A couple of papers in the latest issue of Philosophy and Literature (Volume 37, Number 2, October 2013) that might be of interest to some of you.
Benjamin Mangrum, “Accounting for The Road: Tragedy, Courage, and Cavell’s Acknowledgment,” pp. 267-290.
The nameless father of Cormac McCarthy’s The Road is repeatedly faced with the difficulty of having to account for a world left desolate after a global catastrophe. The father remains committed to such a world even though it is rife with cannibalism and violence. Yet how can he account for this existence to his son? Why pass on such a way of life? I enlist the ordinary language philosophy of Wittgenstein and Cavell in an effort to account for the father’s commitment. I employ the categories of tragedy, courage, and Cavell’s notion of acknowledgment to understand the novel’s unsettling vision.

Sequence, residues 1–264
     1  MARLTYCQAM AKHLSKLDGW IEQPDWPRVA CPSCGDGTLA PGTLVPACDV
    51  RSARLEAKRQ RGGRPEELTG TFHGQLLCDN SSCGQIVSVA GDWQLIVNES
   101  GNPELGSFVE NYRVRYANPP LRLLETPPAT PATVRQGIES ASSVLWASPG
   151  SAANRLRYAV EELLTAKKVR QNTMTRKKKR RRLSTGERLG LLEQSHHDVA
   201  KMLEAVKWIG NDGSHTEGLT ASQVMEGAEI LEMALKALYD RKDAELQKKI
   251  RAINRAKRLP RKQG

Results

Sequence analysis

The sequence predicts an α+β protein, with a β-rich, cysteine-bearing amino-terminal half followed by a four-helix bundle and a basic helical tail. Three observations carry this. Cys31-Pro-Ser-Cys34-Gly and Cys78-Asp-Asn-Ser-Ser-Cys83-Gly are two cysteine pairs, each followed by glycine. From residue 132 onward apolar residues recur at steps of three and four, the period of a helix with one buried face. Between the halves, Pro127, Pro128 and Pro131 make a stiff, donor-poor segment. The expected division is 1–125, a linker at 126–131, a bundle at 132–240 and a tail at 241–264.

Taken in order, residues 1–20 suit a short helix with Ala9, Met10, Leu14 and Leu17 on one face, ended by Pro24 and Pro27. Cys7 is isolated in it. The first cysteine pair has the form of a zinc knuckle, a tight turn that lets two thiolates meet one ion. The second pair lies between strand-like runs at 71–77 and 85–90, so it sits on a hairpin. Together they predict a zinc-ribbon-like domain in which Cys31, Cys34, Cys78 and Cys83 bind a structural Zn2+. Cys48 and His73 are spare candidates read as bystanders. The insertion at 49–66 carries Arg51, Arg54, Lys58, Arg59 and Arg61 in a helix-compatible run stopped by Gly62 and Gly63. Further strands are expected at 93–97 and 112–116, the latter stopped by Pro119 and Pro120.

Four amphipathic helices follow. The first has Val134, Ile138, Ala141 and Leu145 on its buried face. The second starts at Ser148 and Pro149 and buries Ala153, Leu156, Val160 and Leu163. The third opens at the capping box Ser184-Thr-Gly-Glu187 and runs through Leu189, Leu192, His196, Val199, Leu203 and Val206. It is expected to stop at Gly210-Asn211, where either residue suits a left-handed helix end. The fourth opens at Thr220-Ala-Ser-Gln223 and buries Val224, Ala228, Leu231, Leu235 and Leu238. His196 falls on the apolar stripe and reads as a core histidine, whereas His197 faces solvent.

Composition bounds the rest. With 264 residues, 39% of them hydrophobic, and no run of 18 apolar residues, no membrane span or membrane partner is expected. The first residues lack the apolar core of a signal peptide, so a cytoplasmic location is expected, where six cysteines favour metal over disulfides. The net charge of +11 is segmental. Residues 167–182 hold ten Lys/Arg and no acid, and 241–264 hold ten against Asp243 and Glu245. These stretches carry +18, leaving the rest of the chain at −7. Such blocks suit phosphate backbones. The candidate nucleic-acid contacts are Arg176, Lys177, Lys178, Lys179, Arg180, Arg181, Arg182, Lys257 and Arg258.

Alois Pichler, “Reflections on a Prominent Argument in the Wittgenstein Debate,” pp. 435-450.
Does the way authors treat their own works tell us something about how these works are to be understood? Not necessarily. But then a standard argument against the “New Wittgenstein” comes under question. The argument is: the undogmatic interpretation of Wittgenstein’s Tractatus cannot be correct, since Wittgenstein himself later treats it as a work that holds certain positions. My response is: the argument is only correct if the answer to four specific questions is “yes.” The main purpose of the paper is to bring issues of philosophical authorship more into focus within Wittgensteinian interpretation.